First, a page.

Chimp&See is back!

From African golden cats to zebra duikers, Chimp&See lets you get up close and personal with African wildlife

Have you ever wondered what an elephant gets up to during a typical day? Or maybe what a baboon sounds like? What about the social circles of chimpanzees? If so, then good news – you’re not alone! Thousands of people from all walks of life have come together to form a community at Chimp&See, a citizen science project hosted by Zooniverse where members of the public can volunteer their time to watch, classify, and discuss camera trap videos taken from sites all across Africa as part of the Pan African Programme: The Cultured Chimpanzee (PanAf) from the Max Planck Institute for Evolutionary Anthropology.

After a six-month hiatus and site redesign, www.chimpandSee.org is back and better than ever.

After a six-month hiatus and site redesign, www.chimpandSee.org is back and better than ever.

"The growing field of citizen science is centered around the idea that involving the general public in scientific research can potentially produce more accurate data faster than a just few scientists could", says Mimi Arandjelovic, primatologist at the Max Planck Institute for Evolutionary Anthropology. "At Chimp&See, citizen scientists can classify videos to tell the official research team which species of animal is present, how many individuals there are, which behaviors they are doing, and, in the case of chimpanzees, identifying the specific individuals who are there." With this information, the research team can determine the habitat distribution of dozens of species, how they interact with one another and answer a myriad of evolutionary, ecological and conservation questions facing African wildlife today.

Citizen scientists can also directly contribute to studying how chimpanzees use tools as well as their social behaviors. If you’re lucky, you can spot a chimpanzee using tools to accomplish tasks like cracking nuts or collecting honey– something that was once thought to be a uniquely human behavior. Given how closely related human beings and chimpanzees are, collecting data like this can help researchers uncover how our ancestors lived, evolved, and became dependent upon tools for survival. "The project also aims to inspire people and organizations to take an interest in learning about and protecting these stunning habitats and the amazing animals that live there", says Hjalmar Kühl, an ecologist at the Max Planck Institute for Evolutionary Anthropology and the German Centre for Integrative Biodiversity Research (iDiv).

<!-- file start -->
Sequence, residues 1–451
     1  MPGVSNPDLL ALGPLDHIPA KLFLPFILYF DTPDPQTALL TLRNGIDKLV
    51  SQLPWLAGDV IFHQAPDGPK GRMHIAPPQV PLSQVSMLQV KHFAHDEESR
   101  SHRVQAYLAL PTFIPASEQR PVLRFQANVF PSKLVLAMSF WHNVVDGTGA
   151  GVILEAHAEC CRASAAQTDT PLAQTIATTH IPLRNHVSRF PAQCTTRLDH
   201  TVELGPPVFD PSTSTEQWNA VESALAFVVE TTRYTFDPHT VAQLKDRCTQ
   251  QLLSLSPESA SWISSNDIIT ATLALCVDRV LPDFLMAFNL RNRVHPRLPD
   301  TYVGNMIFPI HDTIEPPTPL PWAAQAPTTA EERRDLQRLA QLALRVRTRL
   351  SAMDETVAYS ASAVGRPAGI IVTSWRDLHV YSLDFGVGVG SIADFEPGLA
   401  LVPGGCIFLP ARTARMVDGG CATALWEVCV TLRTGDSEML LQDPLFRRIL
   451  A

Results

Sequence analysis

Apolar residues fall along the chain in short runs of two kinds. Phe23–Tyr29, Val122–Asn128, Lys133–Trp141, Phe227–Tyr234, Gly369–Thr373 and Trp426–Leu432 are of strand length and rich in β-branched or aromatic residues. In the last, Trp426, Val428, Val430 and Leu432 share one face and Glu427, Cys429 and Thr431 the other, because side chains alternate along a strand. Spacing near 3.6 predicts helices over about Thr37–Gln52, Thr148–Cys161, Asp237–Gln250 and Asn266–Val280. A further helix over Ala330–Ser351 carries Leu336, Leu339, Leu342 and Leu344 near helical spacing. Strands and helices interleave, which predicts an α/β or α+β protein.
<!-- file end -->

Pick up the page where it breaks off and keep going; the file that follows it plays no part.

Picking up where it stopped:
Data from citizen scientists

Sometimes at  Chimp&See an elephant falls into the camera trap.

Between 2015 and 2018, over 10,000 citizen scientists at Chimp&See classified more than 140,000 videos and contributed to the data that was used in papers on nocturnal chimpanzee activity and ape reactions to camera traps. Starting July 15th, Chimp&See will relaunch on its new platform with over 40,000 videos from two new research sites, with 26 additional sites and hundreds of thousands of more videos planned for the future. We are also super excited to announce that thanks to an amazing team of volunteer translators, ChimpandSee.org will be available in German, Spanish, French and Czech with Italian and Chinese planned for the near future.

If you have never classified animals and their behaviors before, don’t worry! There is a classification guide and an experienced team of moderators to help answer any questions that come up along the way. We want to thank everyone who has contributed so far and look forward to working with our growing community in the years to come! "Chimp&See is a great way for families, classrooms, and individuals to get involved in science", says Arandjelovic. "So, whether you’re curious about what chimpanzees do with their friends, or you want to make meaningful contributions to science, consider joining the Chimp&See community. With so many new videos, you’re sure to find something worth watching."

MA, MMcC

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